French village pond surrounded by plane trees
The village Cucuron, with plane trees providing the shade. Kodak T-Max 100, 28mm lens.
People sitting outside a French village bar
The bar in Villes-sur-Auzon, Ilford FP4+, 28mm lens.
Narrow village street with people
Life in the narrow streets of Cucuron, Kodak T-Max 100, 50mm lens
French vilage street with cafe
Taking the shade in Venasque. Ilford FP4+, 50mm lens
Town houses in France
Uzes, not in Provence, but very near! Kodak T-Max 100, 50mm lens

Thanks for reading.

You can see some occasional film and digital shots on Instagram here.
Much more popular, and all digital, garden and plant photos, are here.

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12 thoughts on “5 Frames with the Pentax MG – Provence in Black & White – by Richard Wilford”

    1. Richard Wilford

      Thanks. Yes I read the f3.5 was better, and it also tends to be cheaper! So far I have been very pleased with it.

    2. Note that there are several 28/3.5 lenses. The one everybody raves about is the SMC Pentax 28mm F3.5 (sometimes called
      Pentax-K 28mm F3.5). It is bigger and more expensive than the other variants (M and A series) which are both closer to the 28/2.8 in terms of image quality.

  1. Oh yes, yearning for an apero in the Provençal shade.
    Oh no, another desirable Pentax lens that I don’t have!
    Thanks for sharing your lovely pics.

  2. Nice evocation of a beautiful place. Striking that you can depict the heat without needing colour.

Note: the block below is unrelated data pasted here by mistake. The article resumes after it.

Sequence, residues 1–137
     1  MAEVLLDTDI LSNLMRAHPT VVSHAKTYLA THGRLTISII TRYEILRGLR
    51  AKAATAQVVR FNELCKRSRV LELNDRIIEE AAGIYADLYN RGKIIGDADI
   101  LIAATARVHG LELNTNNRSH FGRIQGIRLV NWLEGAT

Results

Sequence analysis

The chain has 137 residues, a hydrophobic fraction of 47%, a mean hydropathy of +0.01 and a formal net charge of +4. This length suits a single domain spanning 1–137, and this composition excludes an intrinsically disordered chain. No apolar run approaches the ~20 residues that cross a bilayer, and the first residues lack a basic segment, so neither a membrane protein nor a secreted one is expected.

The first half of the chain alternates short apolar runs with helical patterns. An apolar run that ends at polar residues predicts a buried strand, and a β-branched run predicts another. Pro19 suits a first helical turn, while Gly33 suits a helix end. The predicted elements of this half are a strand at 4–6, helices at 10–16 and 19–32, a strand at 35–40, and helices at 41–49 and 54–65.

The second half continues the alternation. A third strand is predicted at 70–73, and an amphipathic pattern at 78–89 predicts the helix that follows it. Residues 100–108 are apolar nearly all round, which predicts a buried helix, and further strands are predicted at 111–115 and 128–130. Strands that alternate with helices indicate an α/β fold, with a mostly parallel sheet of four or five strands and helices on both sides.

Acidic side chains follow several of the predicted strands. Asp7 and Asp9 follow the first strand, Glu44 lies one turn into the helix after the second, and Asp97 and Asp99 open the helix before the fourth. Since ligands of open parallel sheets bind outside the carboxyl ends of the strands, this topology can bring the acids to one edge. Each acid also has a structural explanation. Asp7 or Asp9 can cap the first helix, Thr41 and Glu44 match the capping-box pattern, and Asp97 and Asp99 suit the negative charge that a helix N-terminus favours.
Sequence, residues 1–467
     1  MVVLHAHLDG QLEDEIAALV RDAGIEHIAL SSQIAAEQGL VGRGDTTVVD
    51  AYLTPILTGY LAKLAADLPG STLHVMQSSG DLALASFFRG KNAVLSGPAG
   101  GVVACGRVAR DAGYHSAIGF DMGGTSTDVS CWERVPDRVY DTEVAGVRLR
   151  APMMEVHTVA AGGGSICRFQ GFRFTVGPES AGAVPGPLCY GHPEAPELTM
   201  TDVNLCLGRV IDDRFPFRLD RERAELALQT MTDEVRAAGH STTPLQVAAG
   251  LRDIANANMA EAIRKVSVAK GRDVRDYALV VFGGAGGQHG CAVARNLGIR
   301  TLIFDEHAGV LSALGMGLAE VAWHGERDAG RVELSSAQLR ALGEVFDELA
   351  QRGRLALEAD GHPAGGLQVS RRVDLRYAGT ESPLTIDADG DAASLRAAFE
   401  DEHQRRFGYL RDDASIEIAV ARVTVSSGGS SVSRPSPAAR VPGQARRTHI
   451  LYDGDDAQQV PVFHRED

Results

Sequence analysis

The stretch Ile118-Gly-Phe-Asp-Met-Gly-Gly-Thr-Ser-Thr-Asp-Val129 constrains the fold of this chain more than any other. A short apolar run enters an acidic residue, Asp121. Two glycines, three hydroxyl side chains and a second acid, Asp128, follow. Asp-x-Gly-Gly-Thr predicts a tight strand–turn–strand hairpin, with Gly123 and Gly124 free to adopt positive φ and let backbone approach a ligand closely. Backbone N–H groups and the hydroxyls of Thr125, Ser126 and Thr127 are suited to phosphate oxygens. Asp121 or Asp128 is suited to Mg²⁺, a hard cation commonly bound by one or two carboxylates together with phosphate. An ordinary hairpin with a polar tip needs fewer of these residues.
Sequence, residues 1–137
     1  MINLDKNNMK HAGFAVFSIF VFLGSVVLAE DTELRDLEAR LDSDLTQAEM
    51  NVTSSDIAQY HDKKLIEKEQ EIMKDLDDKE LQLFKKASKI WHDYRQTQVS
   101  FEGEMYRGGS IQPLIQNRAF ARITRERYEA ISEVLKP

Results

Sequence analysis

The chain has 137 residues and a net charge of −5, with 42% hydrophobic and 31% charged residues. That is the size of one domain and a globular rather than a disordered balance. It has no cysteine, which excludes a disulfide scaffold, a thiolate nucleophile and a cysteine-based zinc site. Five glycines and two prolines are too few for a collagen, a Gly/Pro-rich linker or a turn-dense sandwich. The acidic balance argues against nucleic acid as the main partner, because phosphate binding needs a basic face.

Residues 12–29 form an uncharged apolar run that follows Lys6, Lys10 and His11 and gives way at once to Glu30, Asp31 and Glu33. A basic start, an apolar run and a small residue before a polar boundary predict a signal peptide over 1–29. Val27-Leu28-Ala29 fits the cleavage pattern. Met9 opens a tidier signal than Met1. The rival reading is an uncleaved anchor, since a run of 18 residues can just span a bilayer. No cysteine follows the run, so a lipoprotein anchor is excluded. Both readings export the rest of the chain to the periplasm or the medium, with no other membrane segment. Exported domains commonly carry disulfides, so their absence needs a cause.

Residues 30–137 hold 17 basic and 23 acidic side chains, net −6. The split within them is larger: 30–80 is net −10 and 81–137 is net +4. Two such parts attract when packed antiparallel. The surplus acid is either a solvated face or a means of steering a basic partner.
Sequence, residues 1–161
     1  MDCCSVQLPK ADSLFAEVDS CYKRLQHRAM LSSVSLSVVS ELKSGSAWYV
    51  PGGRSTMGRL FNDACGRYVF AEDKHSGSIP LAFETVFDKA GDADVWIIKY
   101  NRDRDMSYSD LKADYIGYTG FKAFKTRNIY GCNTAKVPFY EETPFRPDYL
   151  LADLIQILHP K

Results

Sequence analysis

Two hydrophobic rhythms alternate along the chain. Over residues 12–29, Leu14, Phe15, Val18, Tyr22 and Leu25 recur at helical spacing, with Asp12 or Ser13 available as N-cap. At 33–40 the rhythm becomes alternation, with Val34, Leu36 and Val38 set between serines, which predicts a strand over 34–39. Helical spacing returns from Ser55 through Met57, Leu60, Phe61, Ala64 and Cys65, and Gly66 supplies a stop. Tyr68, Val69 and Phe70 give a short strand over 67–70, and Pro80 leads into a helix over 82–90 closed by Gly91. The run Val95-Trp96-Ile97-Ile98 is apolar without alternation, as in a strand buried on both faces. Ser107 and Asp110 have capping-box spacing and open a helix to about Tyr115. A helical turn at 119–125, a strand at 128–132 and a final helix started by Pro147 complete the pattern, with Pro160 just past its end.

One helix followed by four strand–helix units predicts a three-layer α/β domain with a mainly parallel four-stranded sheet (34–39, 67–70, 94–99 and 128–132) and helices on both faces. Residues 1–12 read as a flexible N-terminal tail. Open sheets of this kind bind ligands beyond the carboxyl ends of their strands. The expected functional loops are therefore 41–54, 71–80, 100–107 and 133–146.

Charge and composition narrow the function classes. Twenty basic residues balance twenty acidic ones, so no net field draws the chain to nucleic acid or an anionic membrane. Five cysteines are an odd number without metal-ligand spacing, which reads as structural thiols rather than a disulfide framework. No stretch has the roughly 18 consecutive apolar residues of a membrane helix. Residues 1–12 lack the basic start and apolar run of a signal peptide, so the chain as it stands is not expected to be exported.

ME Supers do seem to be getting more expensive — this after I’ve seen dozens at bargain prices and resisted buying one as a spare to the one I’ve had from new. I think I’d find an MG or ME too restricted but you’ve shown that needn’t be an obstacle.

    1. Richard Wilford

      Thanks, I’m glad you like the photos. I mostly shoot aperture priority anyway so didn’t find the MG too restrictive, although I would like an exposure lock as I find it easier to use than fiddling with the ASA dial to compensate for deep shade or bright sunlight.

      1. Yes, AE lock was a Pentax blind spot for a long time — not even the LX has it. The best Pentax camera I’ve tried in that respect is the much later MZ-5n, which puts the lock button neatly under my right thumb — much easier to operate there than on the front of my various Nikons. I still have mine, but somehow don’t feel drawn to use it the way I still do my older, MF cameras. Daft, really — it’s more capable than any of them!

        1. Richard Wilford

          Ha ha, yes, I think it’s the build quality of those older cameras. I briefly (before it broke) had a Pentax P30t, which does have an exposure lock function, but the camera was all plastic and the shutter/mirror had a nasty twang!

          1. How did your P30T break? I have one and it has been very nice to use. Love the fact that I cannot lose the battery ‘cap’! I also use the ME, MX, K2, SuperA and LX…
            I really recommend the SuperA and K2. And the ME is just delightful. The MX’s film advance throw is much longer than the others, which I find very disappointing.

          2. Richard Wilford

            Winding on didn’t cock the shutter so you had to wind on again – could end up getting through a film very quickly! Tried to fix it but I think I made it worse. I got it cheap so not a big deal but I prefer the solid and compact MG.

    2. The southern french pictures with the MG are very good.
      I use my Pentax ME very often. It’s very similar to the MG.
      The most important advantages with these cameras (all M – Pentaxes ) are :
      – beautifully designed
      – very small SLR’s
      – very bright viewfinder
      – the SMC-M lenses we’re designed only for these cameras
      – some of these lenses are very small too, e.g. the SMC – M 28mm f2.8 or the SMC-M 40mm f2.8 and they fit with the camera in a coat pocket !!!